If you want to understand why we’re not embarked on a “new Cold War” with Beijing, I suggest you watch a PBS documentary called “Beethoven in Beijing” — about the Philadelphia Orchestra’s unique relationship with China.
I suggest this not because of a vain hope that music can offset political strife. We are indeed headed into rocky, and risky, disputes with Beijing over Taiwan, the South China Sea, Hong Kong, Xinjiang and global leadership in cutting-edge technologies.
But a film about China’s passion for the German master — and for Philadelphia’s orchestral treasure — is a reminder that the U.S.-China relationship is far more complex than your father’s Cold War with Moscow. The U.S. and Soviet Union operated in two separate orbits. Americans had virtually no trade with the Soviets and very little human contact with Soviet Russians, except for arms control talks.
The relationship between America and China, on the other hand, is broad and deep with multiple layers, from massive trade links to decades of people-to-people exchanges, including many thousands of academics and scientists, sports teams, tourists and millions of students, along with many, many cultural organizations.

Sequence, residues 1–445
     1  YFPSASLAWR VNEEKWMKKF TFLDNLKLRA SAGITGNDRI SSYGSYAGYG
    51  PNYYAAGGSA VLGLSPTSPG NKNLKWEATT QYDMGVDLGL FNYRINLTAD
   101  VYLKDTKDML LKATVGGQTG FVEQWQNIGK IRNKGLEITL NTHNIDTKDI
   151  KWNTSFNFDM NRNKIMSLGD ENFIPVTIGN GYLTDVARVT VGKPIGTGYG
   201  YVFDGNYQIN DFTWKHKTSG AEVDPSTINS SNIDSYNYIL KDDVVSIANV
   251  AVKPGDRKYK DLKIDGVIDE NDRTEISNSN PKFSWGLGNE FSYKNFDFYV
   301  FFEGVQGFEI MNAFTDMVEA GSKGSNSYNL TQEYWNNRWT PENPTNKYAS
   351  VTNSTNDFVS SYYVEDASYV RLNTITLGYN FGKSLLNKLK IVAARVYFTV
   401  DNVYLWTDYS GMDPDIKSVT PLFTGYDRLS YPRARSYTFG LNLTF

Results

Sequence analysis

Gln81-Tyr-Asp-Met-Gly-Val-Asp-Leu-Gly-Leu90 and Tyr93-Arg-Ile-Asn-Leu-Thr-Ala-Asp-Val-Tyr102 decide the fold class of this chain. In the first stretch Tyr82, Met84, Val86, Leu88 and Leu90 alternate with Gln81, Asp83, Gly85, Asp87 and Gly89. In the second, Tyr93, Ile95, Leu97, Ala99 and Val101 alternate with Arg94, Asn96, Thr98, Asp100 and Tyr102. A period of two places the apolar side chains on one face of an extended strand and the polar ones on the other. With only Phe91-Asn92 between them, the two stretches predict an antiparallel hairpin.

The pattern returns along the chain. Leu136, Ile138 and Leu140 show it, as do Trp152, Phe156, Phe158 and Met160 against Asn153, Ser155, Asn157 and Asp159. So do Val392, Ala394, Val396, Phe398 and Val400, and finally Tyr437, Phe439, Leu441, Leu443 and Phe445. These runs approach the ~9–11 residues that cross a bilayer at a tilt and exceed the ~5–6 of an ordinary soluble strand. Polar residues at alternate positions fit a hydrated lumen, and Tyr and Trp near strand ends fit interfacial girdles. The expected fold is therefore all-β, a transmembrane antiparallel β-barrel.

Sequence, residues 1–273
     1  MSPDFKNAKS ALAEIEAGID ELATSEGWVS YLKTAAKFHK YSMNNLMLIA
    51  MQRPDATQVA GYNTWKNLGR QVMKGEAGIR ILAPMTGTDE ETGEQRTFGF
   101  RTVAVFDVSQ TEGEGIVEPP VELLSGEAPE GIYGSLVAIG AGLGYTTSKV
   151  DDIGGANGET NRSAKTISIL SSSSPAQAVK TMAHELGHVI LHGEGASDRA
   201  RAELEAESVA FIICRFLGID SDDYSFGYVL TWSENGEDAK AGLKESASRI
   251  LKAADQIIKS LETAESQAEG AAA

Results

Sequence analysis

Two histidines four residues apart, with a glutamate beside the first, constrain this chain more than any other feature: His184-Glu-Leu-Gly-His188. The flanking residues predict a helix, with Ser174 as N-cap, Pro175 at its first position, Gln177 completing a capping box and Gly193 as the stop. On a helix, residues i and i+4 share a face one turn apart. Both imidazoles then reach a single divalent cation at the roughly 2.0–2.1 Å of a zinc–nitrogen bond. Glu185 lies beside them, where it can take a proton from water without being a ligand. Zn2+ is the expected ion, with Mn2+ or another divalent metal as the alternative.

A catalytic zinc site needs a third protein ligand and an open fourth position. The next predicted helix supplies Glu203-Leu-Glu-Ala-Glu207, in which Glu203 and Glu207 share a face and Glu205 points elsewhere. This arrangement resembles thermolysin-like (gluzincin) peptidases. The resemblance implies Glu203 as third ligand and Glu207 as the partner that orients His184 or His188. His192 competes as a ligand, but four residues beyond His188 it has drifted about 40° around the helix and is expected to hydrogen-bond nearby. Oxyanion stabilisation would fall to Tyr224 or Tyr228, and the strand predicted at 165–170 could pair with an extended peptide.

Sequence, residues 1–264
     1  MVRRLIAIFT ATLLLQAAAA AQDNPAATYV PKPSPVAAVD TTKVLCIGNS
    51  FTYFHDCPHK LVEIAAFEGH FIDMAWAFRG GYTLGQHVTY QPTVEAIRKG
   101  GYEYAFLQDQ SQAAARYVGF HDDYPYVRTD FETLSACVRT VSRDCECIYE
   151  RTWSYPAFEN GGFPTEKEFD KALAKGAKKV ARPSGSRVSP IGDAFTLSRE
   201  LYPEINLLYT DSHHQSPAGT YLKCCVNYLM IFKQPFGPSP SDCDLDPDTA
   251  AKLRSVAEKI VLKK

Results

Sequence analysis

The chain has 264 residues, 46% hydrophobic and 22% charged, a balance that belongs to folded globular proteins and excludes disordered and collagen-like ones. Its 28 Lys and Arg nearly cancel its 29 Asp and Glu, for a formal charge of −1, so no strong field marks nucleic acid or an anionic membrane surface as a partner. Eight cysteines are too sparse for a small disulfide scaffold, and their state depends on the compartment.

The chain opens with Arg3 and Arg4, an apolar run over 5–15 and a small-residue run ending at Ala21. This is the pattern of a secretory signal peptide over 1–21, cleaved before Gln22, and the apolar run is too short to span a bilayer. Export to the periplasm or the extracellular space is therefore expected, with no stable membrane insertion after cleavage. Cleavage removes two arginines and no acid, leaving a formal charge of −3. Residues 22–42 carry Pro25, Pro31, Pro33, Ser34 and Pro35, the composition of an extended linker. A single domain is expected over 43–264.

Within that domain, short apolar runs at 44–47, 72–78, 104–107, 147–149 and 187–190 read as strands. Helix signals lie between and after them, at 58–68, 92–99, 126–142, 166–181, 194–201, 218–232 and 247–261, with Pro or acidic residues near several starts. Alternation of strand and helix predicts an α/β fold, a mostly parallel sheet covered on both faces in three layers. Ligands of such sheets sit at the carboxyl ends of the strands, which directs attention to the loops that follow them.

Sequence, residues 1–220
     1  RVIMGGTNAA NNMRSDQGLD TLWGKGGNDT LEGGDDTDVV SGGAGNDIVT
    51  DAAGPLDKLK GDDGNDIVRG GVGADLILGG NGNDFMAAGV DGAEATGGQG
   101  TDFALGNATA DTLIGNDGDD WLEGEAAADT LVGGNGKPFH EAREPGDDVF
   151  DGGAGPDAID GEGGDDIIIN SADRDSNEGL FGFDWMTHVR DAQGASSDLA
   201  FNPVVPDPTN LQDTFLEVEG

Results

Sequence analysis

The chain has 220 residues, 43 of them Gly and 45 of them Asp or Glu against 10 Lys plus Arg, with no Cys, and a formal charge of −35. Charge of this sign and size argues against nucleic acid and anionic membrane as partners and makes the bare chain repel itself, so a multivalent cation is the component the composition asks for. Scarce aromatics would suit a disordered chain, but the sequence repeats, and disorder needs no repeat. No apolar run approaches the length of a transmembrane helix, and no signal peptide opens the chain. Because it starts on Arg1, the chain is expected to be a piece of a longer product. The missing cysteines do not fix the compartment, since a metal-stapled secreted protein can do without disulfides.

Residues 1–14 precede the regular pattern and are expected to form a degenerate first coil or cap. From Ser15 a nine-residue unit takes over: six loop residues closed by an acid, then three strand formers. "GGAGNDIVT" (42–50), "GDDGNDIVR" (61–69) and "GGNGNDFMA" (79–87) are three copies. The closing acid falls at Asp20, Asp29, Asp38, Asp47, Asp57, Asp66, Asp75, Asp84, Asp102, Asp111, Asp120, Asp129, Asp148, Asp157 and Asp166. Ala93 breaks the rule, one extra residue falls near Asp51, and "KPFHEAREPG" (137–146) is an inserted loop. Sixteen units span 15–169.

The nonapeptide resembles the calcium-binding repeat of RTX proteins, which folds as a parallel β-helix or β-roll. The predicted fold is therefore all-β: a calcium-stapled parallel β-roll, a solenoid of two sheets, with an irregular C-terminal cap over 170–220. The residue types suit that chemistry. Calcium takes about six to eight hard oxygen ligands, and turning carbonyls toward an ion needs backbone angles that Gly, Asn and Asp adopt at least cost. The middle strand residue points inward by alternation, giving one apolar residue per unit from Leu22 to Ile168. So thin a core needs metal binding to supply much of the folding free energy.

So the idea that the world’s two most powerful countries can simply “decouple” as their strategic competition grows fiercer — a concept promoted by China hawks — doesn’t match reality. In the case of classical music, as “Beethoven in Beijing” illustrates, the ties that bind our two countries are historically driven and deeply emotional. They will be tested, but hopefully, they will survive.